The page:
* Electronic Design * Custom Products * Contract Assembly

Last Edited: Wed. May 31, 2017 - 06:28 AM
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This is entirely a presentation problem.

If the signed value presentation is in Atmel Studio while debugging/simulating then you can modify how the value is displayed. The studio help has more om modifying the display in e.g. the watch window.

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js wrote:
Nothing to do with Studio bugs

You keep saying that, but I can't see any forum that is restricted specifically to Studio bugs:

 

Since the OP is asking specifically about a feature of Atmel Studio, it would seem that it should be in the 'Atmel Studio (AVR-related)' forum - surely?

 

(in fact, it's probably more of a 'General Programming' issue - as the same thing can arise in anything that displays "raw" values...)

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Right click the watch and you have the option to switch to a hex display. In that you will just see 00..FF which are much easier to interpret. (programmers don't really use decimal do they?)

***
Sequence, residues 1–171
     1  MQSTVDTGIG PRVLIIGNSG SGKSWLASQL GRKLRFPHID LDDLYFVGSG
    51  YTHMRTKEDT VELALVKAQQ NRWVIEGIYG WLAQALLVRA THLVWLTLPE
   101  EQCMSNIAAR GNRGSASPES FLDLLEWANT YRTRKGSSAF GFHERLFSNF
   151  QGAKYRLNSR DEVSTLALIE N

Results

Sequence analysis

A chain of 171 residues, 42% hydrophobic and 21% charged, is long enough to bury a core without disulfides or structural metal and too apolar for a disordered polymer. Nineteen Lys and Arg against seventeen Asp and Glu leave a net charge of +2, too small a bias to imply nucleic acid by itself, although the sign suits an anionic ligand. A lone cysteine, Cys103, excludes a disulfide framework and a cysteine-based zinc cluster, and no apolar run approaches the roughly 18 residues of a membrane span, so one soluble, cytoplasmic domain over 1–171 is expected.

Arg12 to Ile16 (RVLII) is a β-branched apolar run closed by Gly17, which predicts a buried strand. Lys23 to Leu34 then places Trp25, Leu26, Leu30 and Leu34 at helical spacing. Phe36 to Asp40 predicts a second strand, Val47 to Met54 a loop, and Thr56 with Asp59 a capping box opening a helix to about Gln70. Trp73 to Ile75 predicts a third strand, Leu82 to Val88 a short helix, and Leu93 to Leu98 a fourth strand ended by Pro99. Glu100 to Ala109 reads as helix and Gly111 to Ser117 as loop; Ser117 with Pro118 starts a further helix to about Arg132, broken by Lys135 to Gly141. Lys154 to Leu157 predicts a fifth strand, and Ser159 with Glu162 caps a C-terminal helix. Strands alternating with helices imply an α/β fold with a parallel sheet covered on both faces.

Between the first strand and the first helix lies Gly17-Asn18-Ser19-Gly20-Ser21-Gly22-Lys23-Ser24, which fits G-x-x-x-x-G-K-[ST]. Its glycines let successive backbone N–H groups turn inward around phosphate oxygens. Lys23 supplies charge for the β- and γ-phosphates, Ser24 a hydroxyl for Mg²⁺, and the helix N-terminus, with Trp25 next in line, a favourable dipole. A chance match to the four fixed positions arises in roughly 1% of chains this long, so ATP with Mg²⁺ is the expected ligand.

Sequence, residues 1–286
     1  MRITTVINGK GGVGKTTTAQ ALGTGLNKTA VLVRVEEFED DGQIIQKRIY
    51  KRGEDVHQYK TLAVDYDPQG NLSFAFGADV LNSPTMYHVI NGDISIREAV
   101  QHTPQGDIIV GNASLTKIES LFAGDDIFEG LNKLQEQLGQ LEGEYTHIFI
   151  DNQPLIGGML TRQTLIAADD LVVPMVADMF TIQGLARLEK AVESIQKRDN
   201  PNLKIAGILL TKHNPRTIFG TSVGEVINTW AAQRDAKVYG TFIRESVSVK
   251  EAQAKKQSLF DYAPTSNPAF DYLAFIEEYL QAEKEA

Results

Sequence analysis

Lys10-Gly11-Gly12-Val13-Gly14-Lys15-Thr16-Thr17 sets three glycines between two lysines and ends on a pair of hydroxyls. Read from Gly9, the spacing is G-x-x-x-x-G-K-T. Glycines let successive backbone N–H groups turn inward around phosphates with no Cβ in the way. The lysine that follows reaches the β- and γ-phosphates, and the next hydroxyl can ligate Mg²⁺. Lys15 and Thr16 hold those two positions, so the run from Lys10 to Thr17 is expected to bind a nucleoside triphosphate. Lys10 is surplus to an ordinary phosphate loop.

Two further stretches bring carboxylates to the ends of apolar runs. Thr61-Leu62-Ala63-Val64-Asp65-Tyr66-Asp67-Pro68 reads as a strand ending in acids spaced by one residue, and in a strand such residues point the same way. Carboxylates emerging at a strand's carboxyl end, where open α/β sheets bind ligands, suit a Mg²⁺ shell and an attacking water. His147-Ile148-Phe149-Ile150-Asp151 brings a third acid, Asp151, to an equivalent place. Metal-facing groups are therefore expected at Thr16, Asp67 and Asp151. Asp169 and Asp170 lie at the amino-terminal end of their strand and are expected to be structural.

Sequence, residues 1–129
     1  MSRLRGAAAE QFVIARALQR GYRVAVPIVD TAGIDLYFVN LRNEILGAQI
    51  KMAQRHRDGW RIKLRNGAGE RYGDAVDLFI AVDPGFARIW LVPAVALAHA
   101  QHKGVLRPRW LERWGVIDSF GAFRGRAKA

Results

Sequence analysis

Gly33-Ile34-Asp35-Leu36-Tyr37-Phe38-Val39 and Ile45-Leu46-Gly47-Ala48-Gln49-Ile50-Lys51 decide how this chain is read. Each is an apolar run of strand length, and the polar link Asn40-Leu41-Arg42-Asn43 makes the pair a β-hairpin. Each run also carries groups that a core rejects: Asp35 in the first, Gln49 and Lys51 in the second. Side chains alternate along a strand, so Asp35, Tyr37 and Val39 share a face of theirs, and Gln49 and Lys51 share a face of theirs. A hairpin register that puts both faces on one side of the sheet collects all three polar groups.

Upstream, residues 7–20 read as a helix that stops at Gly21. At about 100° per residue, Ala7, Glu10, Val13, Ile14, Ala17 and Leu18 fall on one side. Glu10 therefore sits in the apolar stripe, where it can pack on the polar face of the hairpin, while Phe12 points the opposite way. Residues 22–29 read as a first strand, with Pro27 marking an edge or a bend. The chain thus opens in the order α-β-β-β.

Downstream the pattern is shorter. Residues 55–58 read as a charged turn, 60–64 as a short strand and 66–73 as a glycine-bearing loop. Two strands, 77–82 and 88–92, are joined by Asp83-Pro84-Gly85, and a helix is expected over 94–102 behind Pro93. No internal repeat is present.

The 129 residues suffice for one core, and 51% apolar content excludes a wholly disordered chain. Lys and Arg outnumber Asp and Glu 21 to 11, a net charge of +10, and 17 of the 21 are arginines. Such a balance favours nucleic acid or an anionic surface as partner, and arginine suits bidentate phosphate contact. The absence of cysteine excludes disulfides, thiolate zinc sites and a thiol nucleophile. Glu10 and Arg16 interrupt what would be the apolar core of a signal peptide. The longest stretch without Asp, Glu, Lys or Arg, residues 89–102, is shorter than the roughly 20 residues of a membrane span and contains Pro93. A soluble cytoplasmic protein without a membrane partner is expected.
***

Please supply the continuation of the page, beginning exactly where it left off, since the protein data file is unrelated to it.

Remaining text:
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I'm suspecting the implementation is the cause of the upset - prescale of 1 on an 8 bit timer with two interrupts - if those interrupts get too close together in time, then the execution time of the isrs come into play. If we guess at around 50 cycles per isr, the range of pwm is rather limited.

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Thanks for the speedy reply. Yes, I was using a watch with the debugger and noticed that the value was negative rather than what I expected it to be. Does this mean that regardless of what the debugger is displaying the register holds the full unsigned value?

This reply has been marked as the solution. 
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Yes.

Again: The interpretation and display as signed or unsigned is in the debugger display. The register is literally eight binary bits - nothing more.

The signed - 1 and the unsigned 255 is the exact same bit pattern in eight bits.

As of January 15, 2018, Site fix-up work has begun! Now do your part and report any bugs or deficiencies here